• Attention to detail: handling multiple customer cases means a huge volume of information coming at you. And every bit is crucially important to one of your customers. Remembering details and following through on specific requests is a fast-track route to customer loyalty.

Some of these things are personal qualities that come naturally to certain people, while others are a matter of training.

So when you’re building up a customer service skills base, you have two strategic priorities:

  • Staff training: give your staff the support and guidance they need to manage different customer-facing scenarios, including returns, enquiries and complaints. Make sure they know there’s a process in place and who they can turn to for help and information.
  • Recruitment: during the hiring process, be tuned in to the personal traits that make someone a ‘natural’ at customer support or customer service. Qualities like patience, optimism, listening and friendliness are all key.

That way you can make sure you have the personalities and abilities best suited to an outstanding customer experience.

2. Be prepared for customer queries (of all kinds)

A golden rule of customer service is to be available and responsive to customers whenever, and however, they reach out to you.

If you can handle customer queries and enquiries quickly, and you’re able to respond to all types of queries with solutions at the ready, you’ll quickly see positive results in how your customers regard you.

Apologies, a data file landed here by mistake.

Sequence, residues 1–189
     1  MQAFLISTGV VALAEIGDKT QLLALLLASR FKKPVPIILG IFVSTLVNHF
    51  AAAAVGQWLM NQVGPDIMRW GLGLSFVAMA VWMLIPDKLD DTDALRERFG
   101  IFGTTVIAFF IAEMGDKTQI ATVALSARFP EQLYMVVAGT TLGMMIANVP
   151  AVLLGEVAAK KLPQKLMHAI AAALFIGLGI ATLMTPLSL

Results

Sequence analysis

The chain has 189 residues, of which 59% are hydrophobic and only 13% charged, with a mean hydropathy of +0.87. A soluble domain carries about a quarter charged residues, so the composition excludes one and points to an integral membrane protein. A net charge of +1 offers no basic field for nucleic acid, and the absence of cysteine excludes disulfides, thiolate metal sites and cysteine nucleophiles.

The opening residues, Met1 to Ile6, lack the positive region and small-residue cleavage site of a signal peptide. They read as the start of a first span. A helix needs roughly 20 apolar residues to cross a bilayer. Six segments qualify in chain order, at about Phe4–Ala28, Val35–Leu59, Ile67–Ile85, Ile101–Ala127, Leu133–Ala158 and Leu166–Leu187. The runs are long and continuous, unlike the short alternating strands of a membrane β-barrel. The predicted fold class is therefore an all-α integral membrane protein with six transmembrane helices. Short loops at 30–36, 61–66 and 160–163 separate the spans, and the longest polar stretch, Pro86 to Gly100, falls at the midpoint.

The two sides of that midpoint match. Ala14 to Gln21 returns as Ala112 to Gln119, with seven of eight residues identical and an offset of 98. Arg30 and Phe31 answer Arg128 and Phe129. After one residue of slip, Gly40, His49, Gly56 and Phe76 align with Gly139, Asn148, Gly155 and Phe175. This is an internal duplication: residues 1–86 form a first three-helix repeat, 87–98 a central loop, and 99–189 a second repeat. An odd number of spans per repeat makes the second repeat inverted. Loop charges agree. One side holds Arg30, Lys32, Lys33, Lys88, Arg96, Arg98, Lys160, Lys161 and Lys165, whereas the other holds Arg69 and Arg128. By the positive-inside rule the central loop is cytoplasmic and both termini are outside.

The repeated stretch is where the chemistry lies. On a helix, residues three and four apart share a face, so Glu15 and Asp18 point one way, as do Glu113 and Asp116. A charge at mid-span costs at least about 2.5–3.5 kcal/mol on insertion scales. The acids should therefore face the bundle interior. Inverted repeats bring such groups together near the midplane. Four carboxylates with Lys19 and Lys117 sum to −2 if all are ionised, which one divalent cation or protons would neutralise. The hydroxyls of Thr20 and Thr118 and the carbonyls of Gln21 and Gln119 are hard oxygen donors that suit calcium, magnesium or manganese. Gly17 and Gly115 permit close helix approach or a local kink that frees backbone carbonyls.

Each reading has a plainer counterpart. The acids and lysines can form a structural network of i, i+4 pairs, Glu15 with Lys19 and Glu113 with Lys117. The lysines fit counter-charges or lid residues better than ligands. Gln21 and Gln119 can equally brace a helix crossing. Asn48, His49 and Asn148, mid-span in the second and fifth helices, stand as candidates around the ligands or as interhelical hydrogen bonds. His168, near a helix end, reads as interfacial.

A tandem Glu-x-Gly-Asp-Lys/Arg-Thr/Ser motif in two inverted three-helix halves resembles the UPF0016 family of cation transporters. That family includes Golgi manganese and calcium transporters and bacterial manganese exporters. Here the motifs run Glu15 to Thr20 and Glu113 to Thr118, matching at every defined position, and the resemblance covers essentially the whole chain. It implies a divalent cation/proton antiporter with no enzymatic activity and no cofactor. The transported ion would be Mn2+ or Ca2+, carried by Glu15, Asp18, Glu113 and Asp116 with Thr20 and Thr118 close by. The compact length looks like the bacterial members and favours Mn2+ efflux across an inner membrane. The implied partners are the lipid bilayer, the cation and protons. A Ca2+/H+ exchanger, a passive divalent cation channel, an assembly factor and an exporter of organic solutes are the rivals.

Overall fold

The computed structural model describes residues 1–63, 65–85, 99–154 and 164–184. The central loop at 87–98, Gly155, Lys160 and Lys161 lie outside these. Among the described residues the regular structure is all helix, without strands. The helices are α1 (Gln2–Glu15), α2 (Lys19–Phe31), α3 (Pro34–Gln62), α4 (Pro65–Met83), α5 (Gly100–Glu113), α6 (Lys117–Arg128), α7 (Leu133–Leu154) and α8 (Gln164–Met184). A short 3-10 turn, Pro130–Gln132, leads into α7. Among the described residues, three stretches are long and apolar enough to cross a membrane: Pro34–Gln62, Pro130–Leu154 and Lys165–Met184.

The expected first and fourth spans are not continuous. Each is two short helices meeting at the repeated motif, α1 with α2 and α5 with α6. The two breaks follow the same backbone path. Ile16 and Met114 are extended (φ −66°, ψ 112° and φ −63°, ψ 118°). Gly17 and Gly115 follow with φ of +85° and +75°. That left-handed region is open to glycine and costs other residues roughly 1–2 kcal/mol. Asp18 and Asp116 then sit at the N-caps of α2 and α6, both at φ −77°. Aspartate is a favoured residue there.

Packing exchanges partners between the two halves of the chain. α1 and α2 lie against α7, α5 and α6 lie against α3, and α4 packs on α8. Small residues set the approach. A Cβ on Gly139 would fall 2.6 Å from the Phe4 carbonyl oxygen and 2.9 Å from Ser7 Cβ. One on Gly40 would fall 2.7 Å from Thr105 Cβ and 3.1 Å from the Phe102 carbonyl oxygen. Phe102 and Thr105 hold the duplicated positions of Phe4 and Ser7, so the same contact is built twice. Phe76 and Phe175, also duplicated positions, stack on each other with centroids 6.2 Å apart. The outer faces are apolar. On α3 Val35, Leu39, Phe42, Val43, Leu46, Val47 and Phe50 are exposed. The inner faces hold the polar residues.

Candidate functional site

How to tackle customer queries well

Positive query

Has a customer got in touch to say how happy they are? Congratulations! It’s an awesome feeling, and it’s also an opportunity to make the relationship even stronger. You can respond to this kind of interaction by:

  • Learning from them: ask the customer what really worked for them and if there’s anything that could be done even better.
  • Giving them a shout out: celebrate your happy customer and give them some recognition with a social media shout-out.
  • Asking for a testimonial or review: ask your happy customer if they’d be willing to be quoted as a testimonial on your website, or if they’ll pen a short review of your service.

Negative query

Complaints happen. No matter how high your standards are, there will always be hiccups, whether it’s a terse phone call or a nonplussed online review. How you handle negative feedback is what matters most. Must dos:

  • Listen and empathise: Make contact with the customer or be responsive when they contact you. Be clear about what happened and how it made the customer feel. Let them know that customer satisfaction is important to you and that you want to set things right.